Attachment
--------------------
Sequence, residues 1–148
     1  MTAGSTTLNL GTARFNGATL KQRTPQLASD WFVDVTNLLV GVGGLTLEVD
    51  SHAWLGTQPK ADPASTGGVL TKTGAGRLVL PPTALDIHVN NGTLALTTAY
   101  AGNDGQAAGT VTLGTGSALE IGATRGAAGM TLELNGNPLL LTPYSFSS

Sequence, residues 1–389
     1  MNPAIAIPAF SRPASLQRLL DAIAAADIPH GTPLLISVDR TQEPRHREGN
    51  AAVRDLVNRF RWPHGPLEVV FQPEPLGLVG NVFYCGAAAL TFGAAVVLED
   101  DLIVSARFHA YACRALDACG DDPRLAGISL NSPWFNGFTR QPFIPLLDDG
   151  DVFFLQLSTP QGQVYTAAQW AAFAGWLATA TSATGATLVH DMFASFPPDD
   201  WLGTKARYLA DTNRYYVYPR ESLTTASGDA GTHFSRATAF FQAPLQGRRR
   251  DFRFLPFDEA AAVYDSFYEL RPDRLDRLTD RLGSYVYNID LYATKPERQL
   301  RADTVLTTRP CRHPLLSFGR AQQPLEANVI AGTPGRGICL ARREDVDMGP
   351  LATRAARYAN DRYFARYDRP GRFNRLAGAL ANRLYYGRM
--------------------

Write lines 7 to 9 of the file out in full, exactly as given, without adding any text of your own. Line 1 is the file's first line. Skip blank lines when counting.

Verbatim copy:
    51  AAVRDLVNRF RWPHGPLEVV FQPEPLGLVG NVFYCGAAAL TFGAAVVLED
   101  DLIVSARFHA YACRALDACG DDPRLAGISL NSPWFNGFTR QPFIPLLDDG
   151  DVFFLQLSTP QGQVYTAAQW AAFAGWLATA TSATGATLVH DMFASFPPDD